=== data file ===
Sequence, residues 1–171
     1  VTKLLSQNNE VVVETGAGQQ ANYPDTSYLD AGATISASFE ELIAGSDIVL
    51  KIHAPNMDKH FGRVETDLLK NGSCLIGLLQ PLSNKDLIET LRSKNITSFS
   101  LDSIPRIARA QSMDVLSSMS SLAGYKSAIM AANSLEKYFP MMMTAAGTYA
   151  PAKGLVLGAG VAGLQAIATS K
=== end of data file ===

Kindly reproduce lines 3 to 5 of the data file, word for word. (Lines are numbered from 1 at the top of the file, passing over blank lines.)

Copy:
    51  KIHAPNMDKH FGRVETDLLK NGSCLIGLLQ PLSNKDLIET LRSKNITSFS
   101  LDSIPRIARA QSMDVLSSMS SLAGYKSAIM AANSLEKYFP MMMTAAGTYA
   151  PAKGLVLGAG VAGLQAIATS K